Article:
The team’s conclusions are that while four weeks of omega-3 supplementation can reduce minor aspects of exercise-induced muscle damage (EIMD), it has little effect on performance improvement.

“While omega-3 supplementation didn’t seem to improve performance, it did reduce the pain participants felt. We suggest they are useful in themselves as people don’t like exercising because it hurts,” says lead study author Yvoni Kyriakidou, a PhD student in the University of Westminster’s School of Life Sciences. “If it doesn’t hurt so much, maybe more people keep doing it?”

The research team writes in the Journal of the International Society of Sports Nutrition that increased accumulation of eicosapentaenoic acid (EPA) and docosahexaenoic acid (DHA) can dull reactive oxygen species (ROS) and the production of pro-inflammatory proteins.

In addition, anti-inflammatory substances made from polyunsaturated omega-3 fatty acids (PUFA) have been identified that contribute to their mechanism of action.

Study details .

The team enrolled 14 healthy men, around the age of 25, who were then randomized to take three grams of 0-mega-3 supplements three times a day or a matching placebo per day.

After four weeks of supplementation, subjects were asked to walk downhill for 60 minutes.

Creatine kinase (CK), interleukin (IL) -6 and tumor necrosis factor (TNF) -α, perceived muscle soreness, maximal voluntary isometric contraction (MVIC) and peak exercise were recorded before, after and 24, 48 and 72 hours after the recording -EIMD.

The researchers found a lower inflammatory response and decreased muscle damage after exercise in the fish oil group.

Even so, the omega-3 did not appear to change the amount of strength loss in future muscle contractions, suggesting that omega-3 supplementation had limited effects on muscle function, recovery, and subsequent performance.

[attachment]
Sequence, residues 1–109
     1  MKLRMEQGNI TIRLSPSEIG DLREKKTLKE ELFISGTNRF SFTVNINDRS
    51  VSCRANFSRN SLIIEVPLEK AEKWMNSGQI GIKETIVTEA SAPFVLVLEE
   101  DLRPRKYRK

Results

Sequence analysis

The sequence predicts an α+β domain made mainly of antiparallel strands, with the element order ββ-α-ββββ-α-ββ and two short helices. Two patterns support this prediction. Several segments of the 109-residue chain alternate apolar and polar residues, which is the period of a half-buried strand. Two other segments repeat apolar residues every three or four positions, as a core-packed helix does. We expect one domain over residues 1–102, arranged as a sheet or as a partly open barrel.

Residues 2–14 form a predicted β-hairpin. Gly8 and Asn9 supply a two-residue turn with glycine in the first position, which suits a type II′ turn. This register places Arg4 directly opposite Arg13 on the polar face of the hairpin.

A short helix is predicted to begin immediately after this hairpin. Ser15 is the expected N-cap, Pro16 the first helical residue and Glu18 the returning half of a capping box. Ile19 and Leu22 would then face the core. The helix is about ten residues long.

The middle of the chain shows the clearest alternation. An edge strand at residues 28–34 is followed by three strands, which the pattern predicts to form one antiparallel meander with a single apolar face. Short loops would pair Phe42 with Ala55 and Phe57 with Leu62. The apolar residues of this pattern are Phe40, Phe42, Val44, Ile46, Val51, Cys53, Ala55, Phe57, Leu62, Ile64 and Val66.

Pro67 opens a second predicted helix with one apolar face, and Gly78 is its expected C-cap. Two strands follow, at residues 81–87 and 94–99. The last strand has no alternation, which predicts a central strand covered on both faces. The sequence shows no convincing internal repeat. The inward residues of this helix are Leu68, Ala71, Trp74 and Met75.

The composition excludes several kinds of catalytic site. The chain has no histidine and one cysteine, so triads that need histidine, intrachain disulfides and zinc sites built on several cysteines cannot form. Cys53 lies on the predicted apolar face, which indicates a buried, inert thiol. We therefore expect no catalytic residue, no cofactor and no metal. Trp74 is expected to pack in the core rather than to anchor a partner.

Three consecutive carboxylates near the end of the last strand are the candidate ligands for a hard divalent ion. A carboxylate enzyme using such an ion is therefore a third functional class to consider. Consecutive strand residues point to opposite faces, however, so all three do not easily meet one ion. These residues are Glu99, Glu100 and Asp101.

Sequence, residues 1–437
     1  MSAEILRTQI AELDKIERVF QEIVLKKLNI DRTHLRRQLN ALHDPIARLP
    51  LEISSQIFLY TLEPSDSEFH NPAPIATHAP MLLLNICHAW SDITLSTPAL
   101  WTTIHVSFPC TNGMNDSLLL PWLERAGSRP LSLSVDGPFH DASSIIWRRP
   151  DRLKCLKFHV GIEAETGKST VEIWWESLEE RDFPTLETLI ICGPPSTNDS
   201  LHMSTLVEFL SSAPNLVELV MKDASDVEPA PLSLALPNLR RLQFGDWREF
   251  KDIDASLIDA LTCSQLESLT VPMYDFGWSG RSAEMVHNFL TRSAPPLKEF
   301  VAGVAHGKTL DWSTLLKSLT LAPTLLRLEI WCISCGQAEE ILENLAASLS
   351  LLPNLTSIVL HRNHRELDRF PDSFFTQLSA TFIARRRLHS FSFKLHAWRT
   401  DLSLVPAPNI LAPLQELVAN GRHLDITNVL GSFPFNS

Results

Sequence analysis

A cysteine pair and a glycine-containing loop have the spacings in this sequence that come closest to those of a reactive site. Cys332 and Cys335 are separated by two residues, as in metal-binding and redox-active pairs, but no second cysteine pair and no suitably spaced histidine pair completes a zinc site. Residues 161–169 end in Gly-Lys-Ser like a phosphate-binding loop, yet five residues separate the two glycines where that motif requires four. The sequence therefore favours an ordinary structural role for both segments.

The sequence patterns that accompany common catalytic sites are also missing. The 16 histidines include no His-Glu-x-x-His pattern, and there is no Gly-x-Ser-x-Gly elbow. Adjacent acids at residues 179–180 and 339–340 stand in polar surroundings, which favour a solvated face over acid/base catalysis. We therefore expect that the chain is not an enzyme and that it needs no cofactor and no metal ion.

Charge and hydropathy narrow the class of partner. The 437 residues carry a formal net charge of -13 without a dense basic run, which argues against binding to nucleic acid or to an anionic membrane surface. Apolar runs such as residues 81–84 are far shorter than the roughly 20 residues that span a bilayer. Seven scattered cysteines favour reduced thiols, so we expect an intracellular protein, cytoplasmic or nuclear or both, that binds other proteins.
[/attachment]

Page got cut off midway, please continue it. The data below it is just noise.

The team delved into their results and found no significant differences in the measurements of muscle strength (Maximum Voluntary Isometric Contraction (MVIC)) between groups, suggesting that muscle damage from omega-3 consumption was unchanged.

The team also measured muscle function using peak cycling performance, again no significant differences between the groups were observed.

Interestingly, the placebo group showed a significant suppression of peak performance 24 hours after the EIMD compared to the pre-EIMD.

The team adds that the potential to maintain voluntary peak performance would be of interest to athletes who require repetitive peak performance, compounded by differences in perceived pain at that point in time. “


“Overall, these results support the hypothesis that 4 weeks of n-3 supplementation at 3 g / day may attenuate minor aspects of EIMD such as those seen with DOMS (Delayed-Onset Muscle Soreness) and Peak Power,” concludes Paper.

“Typically, no significant differences between the groups were found, but a blunt inflammatory response was observed immediately after eccentric training.

“There were also no significant differences in leg strength between groups, indicating that n-3 supplementation has limited effects on muscle function and subsequent performance.

“While these results do not improve performance, they may be relevant to avoiding exercise-related pain.”

Source: Journal of the International Society of Sports Nutrition

Published online:

“The Effects of Omega-3 Polyunsaturated Fatty Acid Supplementation on Exercise-Caused Muscle Damage.”

Authors: Kyriakidou, Y. et al.


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